Another Day at the Office

The cows have been up on US Forest grazing allotments for more than a month now. The Upper Green River Cattlemens Association pays riders to stay on the mountain with the cows and move them around to prevent overgrazing, watch for problems, doctor the sick, and keep an eye out for bear and wolf problems. While these riders do a good job moving the cattle around, typically this time of year we help them move some of the livestock into a different allotment on the mountain.  Today’s ride was to Trail Creek Park.

We spread out across the allotment that the cows are in (the allotment is quite large) and move through the trees, willows and valleys locating cattle and pushing them with us to a common trail where everyone shows up.  It was a little difficult to find the cows early on because a thick fog was settled in.  At one point I was supposed to meet up with fellow rancher Albert Sommers, but the fog was so thick I couldn’t see very far.  He called out my name and we discovered that we were only about 100 yards apart.  Eventually the fog lifted and despite everything we did make a fairly good gather.  The cows went into Trail Creek very smooth.  It was a nice cool morning for driving cattle.

Often we will find kills made by wolves or bears when we make this ride, but none were discovered this trip.  Last year I found a calf that had been killed by a grizzly bear and then chewed on by the wolves.  The only thing available to look at was the hide and bones, there was no meat left.  They found that it was killed by a grizzly bear judging from the bite marks on the skin. On our way home we heard over the radio from one of the riders in another area that they had discovered a yearling (one-year-old) that had been killed by a grizzly bear and buried.  Also they had spent time that morning chasing wolves away from a cow/calf pair (mamma and baby cow) the wolves were trying to attack.  We are not allowed to kill the wolves or grizzly bears to protect our livestock.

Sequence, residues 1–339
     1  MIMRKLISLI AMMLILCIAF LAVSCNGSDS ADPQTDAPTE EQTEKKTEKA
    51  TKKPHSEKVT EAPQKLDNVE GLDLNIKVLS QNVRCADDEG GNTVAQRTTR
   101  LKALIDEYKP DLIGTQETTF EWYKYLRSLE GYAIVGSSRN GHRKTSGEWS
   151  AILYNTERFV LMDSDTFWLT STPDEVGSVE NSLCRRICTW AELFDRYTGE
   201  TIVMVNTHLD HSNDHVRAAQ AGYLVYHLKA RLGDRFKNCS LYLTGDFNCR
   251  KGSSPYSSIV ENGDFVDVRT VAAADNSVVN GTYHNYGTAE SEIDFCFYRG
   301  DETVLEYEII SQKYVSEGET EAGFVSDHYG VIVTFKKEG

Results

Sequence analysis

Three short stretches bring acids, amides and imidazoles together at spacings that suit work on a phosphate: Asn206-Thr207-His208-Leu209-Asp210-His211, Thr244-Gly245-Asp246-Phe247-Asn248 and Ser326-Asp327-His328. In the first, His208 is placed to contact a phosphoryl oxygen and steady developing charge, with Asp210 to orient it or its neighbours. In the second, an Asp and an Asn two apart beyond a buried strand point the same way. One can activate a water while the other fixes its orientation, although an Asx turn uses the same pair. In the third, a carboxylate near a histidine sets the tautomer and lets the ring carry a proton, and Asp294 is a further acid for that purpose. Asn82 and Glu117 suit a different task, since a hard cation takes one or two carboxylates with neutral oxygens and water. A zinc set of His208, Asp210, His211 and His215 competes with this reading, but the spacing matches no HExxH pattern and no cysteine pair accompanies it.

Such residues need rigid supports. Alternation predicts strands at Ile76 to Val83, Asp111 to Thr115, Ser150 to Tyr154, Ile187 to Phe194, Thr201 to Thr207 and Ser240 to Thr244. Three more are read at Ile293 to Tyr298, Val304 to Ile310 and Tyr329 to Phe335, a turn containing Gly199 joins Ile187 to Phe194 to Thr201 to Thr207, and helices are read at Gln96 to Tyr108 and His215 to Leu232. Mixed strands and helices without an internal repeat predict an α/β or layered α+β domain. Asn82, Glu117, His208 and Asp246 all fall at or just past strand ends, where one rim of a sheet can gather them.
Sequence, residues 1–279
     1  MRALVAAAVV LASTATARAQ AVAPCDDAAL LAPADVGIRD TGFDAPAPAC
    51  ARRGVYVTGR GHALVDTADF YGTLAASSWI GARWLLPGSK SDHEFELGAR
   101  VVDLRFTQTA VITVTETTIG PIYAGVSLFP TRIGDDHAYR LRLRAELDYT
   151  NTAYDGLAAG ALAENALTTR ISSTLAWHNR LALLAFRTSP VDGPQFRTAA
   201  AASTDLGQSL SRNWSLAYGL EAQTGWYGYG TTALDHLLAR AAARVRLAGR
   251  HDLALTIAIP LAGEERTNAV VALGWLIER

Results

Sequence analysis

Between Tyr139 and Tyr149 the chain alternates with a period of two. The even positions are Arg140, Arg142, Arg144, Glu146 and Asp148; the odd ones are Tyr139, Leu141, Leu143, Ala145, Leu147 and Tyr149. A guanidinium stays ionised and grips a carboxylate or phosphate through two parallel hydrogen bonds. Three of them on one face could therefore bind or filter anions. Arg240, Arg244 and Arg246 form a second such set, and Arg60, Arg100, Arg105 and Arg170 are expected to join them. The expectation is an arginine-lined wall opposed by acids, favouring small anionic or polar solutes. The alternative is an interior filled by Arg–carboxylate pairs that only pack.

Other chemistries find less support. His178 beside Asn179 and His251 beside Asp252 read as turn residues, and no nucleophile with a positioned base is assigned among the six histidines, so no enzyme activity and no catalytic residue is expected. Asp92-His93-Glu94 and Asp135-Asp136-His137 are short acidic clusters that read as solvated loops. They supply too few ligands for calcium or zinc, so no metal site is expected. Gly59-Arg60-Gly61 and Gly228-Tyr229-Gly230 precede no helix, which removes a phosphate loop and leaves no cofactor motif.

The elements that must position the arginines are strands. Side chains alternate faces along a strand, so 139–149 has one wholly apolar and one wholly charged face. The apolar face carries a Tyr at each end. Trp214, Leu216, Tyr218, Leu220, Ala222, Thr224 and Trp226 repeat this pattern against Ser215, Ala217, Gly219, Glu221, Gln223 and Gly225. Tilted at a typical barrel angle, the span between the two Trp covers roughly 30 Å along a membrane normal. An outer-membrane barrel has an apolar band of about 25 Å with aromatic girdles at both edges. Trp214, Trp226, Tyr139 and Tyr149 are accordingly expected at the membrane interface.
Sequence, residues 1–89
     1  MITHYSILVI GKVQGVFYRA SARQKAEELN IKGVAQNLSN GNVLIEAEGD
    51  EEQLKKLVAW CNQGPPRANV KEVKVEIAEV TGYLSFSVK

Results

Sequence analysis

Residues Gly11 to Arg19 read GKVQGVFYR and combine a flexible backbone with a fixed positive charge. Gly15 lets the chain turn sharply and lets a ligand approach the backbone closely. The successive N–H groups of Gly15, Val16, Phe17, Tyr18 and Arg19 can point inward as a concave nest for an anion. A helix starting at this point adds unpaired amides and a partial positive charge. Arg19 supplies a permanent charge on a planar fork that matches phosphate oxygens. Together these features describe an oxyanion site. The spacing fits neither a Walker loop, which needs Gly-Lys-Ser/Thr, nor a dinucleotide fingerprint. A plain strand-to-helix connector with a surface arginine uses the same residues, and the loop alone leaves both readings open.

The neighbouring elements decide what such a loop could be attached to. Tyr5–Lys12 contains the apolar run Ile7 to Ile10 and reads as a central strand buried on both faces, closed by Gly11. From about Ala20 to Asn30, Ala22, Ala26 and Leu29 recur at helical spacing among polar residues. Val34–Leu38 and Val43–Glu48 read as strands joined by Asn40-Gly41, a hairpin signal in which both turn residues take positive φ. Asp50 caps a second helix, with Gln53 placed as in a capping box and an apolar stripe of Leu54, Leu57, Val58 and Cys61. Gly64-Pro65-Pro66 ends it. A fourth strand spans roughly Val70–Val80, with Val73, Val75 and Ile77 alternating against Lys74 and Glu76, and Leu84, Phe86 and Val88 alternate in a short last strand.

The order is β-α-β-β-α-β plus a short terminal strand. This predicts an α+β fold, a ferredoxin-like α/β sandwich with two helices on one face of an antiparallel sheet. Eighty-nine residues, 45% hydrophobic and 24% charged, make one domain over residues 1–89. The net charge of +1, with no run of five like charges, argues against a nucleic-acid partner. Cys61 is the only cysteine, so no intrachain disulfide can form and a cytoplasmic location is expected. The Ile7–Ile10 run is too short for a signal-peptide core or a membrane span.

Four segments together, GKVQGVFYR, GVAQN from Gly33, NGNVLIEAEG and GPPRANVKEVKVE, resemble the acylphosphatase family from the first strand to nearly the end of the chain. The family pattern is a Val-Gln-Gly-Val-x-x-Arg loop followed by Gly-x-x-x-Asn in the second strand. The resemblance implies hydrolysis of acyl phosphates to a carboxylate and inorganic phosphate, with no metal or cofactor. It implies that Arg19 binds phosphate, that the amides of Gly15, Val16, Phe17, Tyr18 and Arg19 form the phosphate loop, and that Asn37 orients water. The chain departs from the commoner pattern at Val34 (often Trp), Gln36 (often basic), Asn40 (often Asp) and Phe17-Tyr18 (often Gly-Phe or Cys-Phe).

The wolves and grizzly bears have become a major problem in this area and not just for ranchers, for campers and other people too.  It is no longer safe for you or your kids to roam up and down the little streams to fish by yourselves.  The grizzly bear and wolf populations are out of control and many feel that a regulated hunting season would be a good compromise for all sides.  After all, deer and elk populations were thriving while being hunted, at least until that wolves started to impact their numbers.

I took this photo (above) of a clear cut on our ride today (where the trees were all cut in a certain spot during the logging days in this area).  It shows the damage being caused by the pine beetle plague we are seeing all up and down the Rocky Mountain Range.  These clear cuts are the only solid green areas you will see in the forests today.  The trees are young enough that they can fight off the pine beetles with their ample supply of tree sap.  Unfortunately, many years ago most logging was shut down in this area due to litigation by extremist environmentalists.  It seems that logging wasn’t so bad after all when you look at this picture.

Despite all the issues we ranchers deal with when grazing on public allotments, you sure can’t beat the view from our “office” window.

From RealRancher Kent Price – Daniel, WY

Published by is a visit to the day-to-day lives of America’s original animal welfare advocates and environmentalists.

3 thoughts on “Another Day at the Office

  1. Do you happen to know Bobby Gilbank? Just wondering since I sold him his dog Booger! I sure would appreciate a picture of her if you know them and see them along the trail somewhere! Thanks!

    1. Hi Carol,

      I do know Bobby. He has a reddish whitish dog with him. Is that the one? Unfortunately, I probably won’t be able to get any pictures of it until next year. Most of my riding is over, though I may see him in the Fall when the cattle come off the mountain.

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